Federal regulators will take a closer look at 49 requests for surface coal-mining permits in Eastern Kentucky, the U.S. Environmental Protection Agency announced Friday.
The permits are among 79 in four Appalachian states slated for extra review under a push by the Obama administration to curb environmental damage from such mines.
The EPA said it wants to make certain the proposed mines won't cause water pollution and violate the Clean Water Act. An initial review concluded all 79 probably would affect water quality and require additional study, the EPA said.
Twenty-three of the mines are in West Virginia; six are in Ohio; and one is in Tennessee.
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The action targets a practice known as mountaintop removal mining. The highly efficient mining method involves blasting away mountaintops to expose multiple coal seams and, in most cases, filling nearby valleys with rock placed atop intermittent streams.
Bill Caylor, president of the Kentucky Coal Association, said the enhanced reviews are frustrating and causing a lot of uncertainty in the industry. Ultimately, the agency's decision could harm Appalachia's economy, he said, noting 6,000 miners work at Kentucky surface mines.
"There is going to be economic impact in Appalachia on mining," Caylor said.
But Lauren McGrath, an official with the Kentucky Sierra Club, saw the announcement as good news that she hopes will result in more stringent enforcement of the federal clean water act.
"We see it as a small victory and as a step one," she said.
Ultimately, the Sierra Club and other groups would like to see the coal companies barred from filling stream areas with excess rock and dirt generated from mining.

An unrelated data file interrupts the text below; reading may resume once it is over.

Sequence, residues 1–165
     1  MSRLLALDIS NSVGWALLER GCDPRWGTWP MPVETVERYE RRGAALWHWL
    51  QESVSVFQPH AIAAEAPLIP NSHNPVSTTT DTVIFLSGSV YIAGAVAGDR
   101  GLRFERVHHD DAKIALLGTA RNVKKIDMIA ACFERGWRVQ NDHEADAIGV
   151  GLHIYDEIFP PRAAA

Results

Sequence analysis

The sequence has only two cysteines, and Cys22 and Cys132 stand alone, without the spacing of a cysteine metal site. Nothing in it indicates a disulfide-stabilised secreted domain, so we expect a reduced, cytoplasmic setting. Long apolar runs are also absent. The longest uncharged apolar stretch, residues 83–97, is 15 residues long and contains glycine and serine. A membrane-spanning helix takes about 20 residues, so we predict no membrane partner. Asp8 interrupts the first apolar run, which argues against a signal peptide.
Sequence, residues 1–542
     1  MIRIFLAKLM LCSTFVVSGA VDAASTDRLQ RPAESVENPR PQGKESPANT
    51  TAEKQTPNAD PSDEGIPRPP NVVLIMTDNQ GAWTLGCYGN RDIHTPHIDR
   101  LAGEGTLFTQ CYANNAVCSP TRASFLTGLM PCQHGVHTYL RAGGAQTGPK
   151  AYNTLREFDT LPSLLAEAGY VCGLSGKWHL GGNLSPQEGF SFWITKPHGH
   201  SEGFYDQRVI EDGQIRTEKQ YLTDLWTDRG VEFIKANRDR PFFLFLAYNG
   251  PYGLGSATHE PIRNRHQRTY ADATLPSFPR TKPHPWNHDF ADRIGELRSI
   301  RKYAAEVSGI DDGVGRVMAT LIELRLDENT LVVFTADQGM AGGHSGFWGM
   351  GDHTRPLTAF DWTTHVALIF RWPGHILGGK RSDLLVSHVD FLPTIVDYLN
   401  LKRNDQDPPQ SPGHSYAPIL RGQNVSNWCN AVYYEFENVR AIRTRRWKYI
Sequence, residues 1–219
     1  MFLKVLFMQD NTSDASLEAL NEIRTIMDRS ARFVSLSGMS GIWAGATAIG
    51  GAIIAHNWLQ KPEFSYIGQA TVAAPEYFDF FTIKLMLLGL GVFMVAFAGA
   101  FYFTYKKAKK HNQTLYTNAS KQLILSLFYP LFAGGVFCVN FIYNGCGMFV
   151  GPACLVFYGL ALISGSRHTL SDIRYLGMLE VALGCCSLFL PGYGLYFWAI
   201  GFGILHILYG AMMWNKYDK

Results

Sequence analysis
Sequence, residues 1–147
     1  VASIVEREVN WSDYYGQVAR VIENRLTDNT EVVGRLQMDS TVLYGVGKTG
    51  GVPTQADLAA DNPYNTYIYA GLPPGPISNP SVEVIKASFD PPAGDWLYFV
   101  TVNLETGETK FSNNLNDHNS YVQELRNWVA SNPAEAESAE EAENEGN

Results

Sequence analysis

Environmentalists complained during the Bush administration that the corps and EPA didn't do enough to require coal companies to protect water quality during mountaintop mining.
Coal operators don't know what to expect of the extra reviews or how much time the process will take, Caylor said.
For some permits, the additional review adds to delays of about a year that already have occurred because of lawsuits, he said. Without the holdup, the permits were ready to be released.
The permits ultimately could be allowed to go forward, could require significant revisions or could be denied.
Mountaintop mines in the states where the practice is most common — West Virginia, Virginia, Kentucky and Tennessee — produce about 130 million tons of coal each year, or about 14 percent of the coal used to produce electricity in the United States, and employ about 14,000 people.
The EPA said it's going to review the permits in tandem with the U.S. Army Corps of Engineers under an agreement worked out in June. The corps actually issues the so-called valley fill permits, though the EPA has a say in the process and under President Barack Obama has been doing so more frequently.
Last week, EPA asked the corps to suspend, revoke or modify a permit issued for a West Virginia mine two years ago. U.S. Sen. Jay Rockefeller, D-W.Va., has asked the EPA to retract the request. Rockefeller said EPA's action creates uncertainty in the coalfields, among other things.
EPA spokeswoman Adora Andy said the agency is sticking by its request.
"We take the senator's concerns seriously but believe that this mine raises unique and serious issues that deserve further consideration by the Army Corps of Engineers," she wrote in an e-mail message.